After meeting with the Badgley Law Group, you will be able to find out whether or not you qualify for chapter 7 bankruptcy. If you do qualify for this type of bankruptcy, we will help you start the filing process. The first step in this process is to file an official petition with the bankruptcy court. This petition will layout things like payment schedules and a statement to show the courts what your financial situation is. Generally, the filing of the petition is the most time-consuming part of the bankruptcy process.
The schedules in this petition is where you will file out information regarding the assets and debts you have. It is very important you list all of the creditors and debts you have with accurate mailing addresses for each. Even if the debt is considered non dischargeable, you will need to put in on the schedules of your bankruptcy petition.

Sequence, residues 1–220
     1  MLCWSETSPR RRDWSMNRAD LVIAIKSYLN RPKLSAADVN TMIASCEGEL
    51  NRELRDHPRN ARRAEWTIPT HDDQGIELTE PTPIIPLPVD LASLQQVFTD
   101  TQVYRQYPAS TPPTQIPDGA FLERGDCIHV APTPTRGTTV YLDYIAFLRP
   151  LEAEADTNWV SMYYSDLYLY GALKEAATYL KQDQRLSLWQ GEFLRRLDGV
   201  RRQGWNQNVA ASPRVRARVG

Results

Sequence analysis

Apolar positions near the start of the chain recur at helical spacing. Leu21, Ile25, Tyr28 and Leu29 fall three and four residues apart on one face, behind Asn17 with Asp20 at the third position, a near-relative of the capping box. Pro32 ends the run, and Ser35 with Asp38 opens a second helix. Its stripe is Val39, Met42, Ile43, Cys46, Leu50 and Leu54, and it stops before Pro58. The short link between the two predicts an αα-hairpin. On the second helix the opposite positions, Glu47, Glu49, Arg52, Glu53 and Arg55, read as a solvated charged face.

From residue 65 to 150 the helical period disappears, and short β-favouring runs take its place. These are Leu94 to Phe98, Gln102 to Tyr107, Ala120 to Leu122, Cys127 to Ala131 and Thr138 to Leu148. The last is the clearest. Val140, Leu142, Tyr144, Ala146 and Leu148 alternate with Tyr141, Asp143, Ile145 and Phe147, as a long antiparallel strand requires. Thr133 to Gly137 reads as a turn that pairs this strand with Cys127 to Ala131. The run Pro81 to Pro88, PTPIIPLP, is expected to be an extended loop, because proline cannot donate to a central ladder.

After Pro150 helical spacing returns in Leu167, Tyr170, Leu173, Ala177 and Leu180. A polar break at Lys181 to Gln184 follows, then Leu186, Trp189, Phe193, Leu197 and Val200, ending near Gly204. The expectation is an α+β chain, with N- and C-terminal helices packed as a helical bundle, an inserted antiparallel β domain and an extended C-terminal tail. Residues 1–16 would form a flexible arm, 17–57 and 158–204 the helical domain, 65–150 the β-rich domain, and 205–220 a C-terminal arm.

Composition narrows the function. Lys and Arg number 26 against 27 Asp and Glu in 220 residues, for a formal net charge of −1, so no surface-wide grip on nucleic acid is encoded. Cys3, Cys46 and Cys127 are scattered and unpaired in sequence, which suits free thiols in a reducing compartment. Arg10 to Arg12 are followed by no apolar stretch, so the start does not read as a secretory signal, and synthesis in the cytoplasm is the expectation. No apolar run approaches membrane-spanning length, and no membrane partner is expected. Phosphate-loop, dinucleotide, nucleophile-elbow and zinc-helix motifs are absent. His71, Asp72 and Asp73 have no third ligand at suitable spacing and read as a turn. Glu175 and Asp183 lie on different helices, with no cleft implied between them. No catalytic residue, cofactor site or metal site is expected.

The assets portion of this document will also need to be filled out completely. Things like real estate, vehicles and bank accounts will need to be recorded in this section. Once you have all of these assets listed, you will be able to find out which ones are exempt. Our team will work with you every step of the way to ensure you understand what is going on.
Once you have filed this petition with the bankruptcy court, you will be able to take advantage of what is referred to as an “automatic stay”. This means your creditors will have to stop pursuing the collection of the debts you owe them. The court will appoint a trustee to your case. The job of this trustee is to notify all of your creditors that you have filed for bankruptcy.
The Section 341 Meeting
The next step in the Chapter 7 bankruptcy filing process is the Section 341 meeting, otherwise known as the first meeting of all of your creditors. During this meeting, you will be asked a number of questions regarding your debts and assets. Both the trustee appointed to your case and the debtors will be able to ask you questions during this meeting. Generally, these meetings will only last about ten to fifteen minutes.